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Friday, 14 February 2014

Someone Please Explain The Trackday GT

The inspiration for this rant, from evo's Facebook page

There are many things about the motoring world that I still do not understand. Why can't they advertise cars as exciting? Why are safety regulations so different even within one continent, let alone comparing the EU to the US? Why do most foreigners insist on driving on the wrong side of the road? Why are there now Minis and Fiat 500s that are so big? And why are small crossovers such big business when they make no logical sense at all?

But flicking through my blog, you might start to think I'm only really interested in sleek, sporty stuff or racing cars. This isn't true, and in fact there are some small niches in this part of Motorworld that make little sense as well. One of them is the stripped-out GT car.

This is a car that was born as a big, comfortable long-distance four-seater which is then given a big daft wing and lashings of carbon fibre to make them more track-oriented and "hardcore." Usually they take the rear seats out as well, so they lose their practicality in the transformation. Prime examples include the Mercedes-Benz C63 AMG CoupĂ© Black Series ("C63 Black" to its friends), Maserati GranTurismo MC Stradale, Bentley Continental GT Supersports and the new Jaguar XKR-S GT. Oh yeah, they also tend to have pretty long names, too...

I just don't get these cars. If you want a car that's track-oriented, why would you get one that's so big and heavy? Nissan GT-R aside, because that thing is magic, a heavy car is bad on a track because it's slower off the line, slower on the brakes, slower in the corners, less aerodynamic and thirstier. Plus it's more likely to slide around because of the stronger centrifugal forces and has to have less give in the suspension in order to control that weight, meaning that the journey to/from the track will be unpleasant, so it's no longer a good GT car either. It's the same paradox as the "performance SUVs" that were so popular about 5 years ago. You're trying to put two opposites together into one car, making something that's compromised at both and best at nothing. They aren't true sports cars, they only pretend to be in order to grab a few more sales of an ageing model that's not in the limelight any more.

What's more, the manufacturers try to make up for this weight issue in two ways. The first is Clarksonian - more power. If you can't make it light and agile, then what's wrong with a bit of brute force? Some people like being Goliath instead of David, plus grand tourers tend to have a pretty big engine in a fairly relaxed state of tune, so waking up the 5.0 supercharged V8 in the XKR to add another 50 horsepower, for example, gives you a 560PS (552bhp) missile. Yes, high horsepower makes a fat car fast, but it also makes it wayward, so you end up with a hulking great drift machine instead of something to hunt down and dispatch all those Porsche GT3 RS's and tuned Godzillas. I'm sure it's hilarious fun and you'll look like Chris Harris, but you won't be going all that quickly and you'll get through rear tyres like Welsh weather gets through umbrellas (especially recently). Except that high-performance quasi-slick tyres cost an awful lot more than a new umbrella...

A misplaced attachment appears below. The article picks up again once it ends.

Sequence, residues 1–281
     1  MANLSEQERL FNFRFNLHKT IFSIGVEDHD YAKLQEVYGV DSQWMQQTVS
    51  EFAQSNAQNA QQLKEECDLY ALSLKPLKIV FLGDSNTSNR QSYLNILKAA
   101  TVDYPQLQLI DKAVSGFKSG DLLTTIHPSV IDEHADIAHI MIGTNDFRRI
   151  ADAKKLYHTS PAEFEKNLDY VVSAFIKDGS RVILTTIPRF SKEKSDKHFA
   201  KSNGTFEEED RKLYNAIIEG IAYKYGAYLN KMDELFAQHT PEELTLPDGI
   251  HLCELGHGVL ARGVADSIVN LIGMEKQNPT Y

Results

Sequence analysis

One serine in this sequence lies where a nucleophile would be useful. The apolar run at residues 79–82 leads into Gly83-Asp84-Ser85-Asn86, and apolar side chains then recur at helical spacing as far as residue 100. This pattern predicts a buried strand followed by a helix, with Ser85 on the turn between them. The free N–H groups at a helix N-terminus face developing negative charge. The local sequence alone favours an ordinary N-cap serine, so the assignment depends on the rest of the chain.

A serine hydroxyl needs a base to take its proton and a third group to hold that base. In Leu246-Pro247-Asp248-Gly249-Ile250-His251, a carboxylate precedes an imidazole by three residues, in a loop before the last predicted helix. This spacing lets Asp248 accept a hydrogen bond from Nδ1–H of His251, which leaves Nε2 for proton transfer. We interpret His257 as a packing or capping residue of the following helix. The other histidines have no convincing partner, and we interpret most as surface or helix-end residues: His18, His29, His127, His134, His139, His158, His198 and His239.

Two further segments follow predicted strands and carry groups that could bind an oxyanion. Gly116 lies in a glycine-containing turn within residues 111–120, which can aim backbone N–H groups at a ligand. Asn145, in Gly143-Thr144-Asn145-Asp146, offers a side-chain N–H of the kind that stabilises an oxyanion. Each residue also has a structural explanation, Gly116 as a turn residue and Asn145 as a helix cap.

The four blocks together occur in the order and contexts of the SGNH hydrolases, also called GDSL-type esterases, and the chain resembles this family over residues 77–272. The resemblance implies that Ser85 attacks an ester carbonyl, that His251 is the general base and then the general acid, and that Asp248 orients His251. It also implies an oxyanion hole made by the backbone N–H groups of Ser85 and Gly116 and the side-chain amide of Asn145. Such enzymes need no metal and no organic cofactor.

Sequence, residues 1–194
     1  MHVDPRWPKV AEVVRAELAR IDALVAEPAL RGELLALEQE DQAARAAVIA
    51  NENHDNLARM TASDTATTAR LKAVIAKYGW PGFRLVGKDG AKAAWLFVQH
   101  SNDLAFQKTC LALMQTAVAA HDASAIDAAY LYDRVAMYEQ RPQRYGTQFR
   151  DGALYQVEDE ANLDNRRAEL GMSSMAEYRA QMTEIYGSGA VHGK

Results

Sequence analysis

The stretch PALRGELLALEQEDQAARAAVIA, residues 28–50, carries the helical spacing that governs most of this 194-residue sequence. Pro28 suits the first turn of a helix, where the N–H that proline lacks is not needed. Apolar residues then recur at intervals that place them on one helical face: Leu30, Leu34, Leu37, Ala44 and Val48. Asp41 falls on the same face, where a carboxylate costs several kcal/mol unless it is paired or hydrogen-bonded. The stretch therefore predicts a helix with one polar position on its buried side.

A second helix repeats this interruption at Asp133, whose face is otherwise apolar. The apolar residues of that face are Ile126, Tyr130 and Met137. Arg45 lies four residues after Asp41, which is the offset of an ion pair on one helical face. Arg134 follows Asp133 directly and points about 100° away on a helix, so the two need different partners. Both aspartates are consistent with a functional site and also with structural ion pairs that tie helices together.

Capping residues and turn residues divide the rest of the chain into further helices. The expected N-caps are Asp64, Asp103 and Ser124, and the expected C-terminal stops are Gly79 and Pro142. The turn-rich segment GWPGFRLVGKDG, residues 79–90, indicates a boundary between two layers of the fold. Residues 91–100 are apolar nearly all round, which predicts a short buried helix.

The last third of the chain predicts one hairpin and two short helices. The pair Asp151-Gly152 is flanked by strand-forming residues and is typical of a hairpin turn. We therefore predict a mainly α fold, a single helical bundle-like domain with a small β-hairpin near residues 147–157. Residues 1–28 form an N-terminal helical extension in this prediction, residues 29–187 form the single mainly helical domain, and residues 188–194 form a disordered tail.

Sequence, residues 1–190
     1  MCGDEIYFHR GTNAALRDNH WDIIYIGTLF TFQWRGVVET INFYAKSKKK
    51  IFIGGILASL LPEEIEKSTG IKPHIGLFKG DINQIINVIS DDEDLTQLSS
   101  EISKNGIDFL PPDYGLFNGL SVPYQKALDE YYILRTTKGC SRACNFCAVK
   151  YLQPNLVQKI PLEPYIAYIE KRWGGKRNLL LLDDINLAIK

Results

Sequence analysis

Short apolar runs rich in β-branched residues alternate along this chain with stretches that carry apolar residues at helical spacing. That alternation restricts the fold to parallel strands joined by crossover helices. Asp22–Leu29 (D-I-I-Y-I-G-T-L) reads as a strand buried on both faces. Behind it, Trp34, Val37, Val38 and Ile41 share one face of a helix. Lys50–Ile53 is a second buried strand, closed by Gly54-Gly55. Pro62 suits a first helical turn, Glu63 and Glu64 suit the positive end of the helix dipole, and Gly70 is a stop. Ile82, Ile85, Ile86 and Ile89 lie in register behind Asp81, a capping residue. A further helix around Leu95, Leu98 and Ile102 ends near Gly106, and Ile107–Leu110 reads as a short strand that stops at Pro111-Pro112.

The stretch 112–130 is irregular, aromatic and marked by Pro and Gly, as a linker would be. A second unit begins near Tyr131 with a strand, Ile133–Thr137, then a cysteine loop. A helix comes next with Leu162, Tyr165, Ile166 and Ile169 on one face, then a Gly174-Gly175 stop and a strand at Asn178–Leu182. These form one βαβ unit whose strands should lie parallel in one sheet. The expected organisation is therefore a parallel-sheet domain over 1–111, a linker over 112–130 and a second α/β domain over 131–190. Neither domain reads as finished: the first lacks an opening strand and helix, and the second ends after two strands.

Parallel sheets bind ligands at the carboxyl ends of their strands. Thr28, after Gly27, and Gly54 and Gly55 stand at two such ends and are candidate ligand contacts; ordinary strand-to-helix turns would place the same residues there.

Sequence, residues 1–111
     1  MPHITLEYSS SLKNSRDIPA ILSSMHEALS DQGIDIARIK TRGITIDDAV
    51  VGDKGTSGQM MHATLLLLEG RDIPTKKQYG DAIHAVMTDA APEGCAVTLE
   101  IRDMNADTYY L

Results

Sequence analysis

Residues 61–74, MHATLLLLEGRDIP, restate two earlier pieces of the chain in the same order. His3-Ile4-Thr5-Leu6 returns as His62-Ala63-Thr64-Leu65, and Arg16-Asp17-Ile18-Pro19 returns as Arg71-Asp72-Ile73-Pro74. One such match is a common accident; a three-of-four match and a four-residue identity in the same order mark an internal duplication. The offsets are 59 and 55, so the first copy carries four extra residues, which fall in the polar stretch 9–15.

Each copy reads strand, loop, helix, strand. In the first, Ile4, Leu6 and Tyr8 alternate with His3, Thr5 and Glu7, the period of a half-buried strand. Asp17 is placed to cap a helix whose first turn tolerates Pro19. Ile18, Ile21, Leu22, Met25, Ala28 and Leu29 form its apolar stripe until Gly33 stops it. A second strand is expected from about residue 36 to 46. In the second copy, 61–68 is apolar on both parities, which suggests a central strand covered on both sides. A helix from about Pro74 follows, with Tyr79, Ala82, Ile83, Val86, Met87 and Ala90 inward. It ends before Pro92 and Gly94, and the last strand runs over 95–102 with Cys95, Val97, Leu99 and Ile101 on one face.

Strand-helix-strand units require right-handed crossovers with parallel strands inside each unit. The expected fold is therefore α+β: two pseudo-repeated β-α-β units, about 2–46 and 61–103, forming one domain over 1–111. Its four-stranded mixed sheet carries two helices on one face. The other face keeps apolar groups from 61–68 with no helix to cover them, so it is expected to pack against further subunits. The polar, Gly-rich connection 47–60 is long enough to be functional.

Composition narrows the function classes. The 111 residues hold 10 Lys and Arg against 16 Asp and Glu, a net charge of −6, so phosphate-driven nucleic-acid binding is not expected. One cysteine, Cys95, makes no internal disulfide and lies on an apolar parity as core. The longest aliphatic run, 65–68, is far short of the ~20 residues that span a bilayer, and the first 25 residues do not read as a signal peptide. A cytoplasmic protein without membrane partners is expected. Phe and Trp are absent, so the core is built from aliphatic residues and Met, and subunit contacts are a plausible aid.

Another thing that bugs me about the Jaguar particularly is that when I think of Jaguar, a brash carbon fibre areo kit with matching giant rear wing and go-faster stripes isn't the look that comes to mind at all. Their old motto was "Grace, Space and Pace," and something with all those letters and carbon canards isn't graceful. With the rear seats taken out there isn't much in the way of space (for humans, at least), and with a meaty kerbweight of 1713kg all of its pace will most likely be in a straight line despite the downforce that the aero add-ons provide. But maybe that's just me. Adding "GT" to the name having made it less of a Grand Tourer is also slightly ironic, although they're instead referencing the FIA GT racing cars that Jaguar...... don't race against? Hmm.

How much better would an F-Type R-S GT be? Smaller, probably packing the same engine with the same power and about 100-200kg lighter. It would be a better track car and a better road car (assuming they calibrate the suspension well) because it'd be more forgiving and more agile at the same time. Only the shorter wheelbase would make it more of a handful. It could even rival the Porsche 911 GT3 (991), which even with a double-clutch gearbox and four-wheel-steering weighs about 300kg less than the XKR-S GT. That's half an original Mini!

I don't know. Maybe it's one of those things you don't get until you do it. Anyone got one I can borrow? I'm pretty handy at Gran Turismo, so I can probably manage a six-figure which-GT-do-you-mean GT car...

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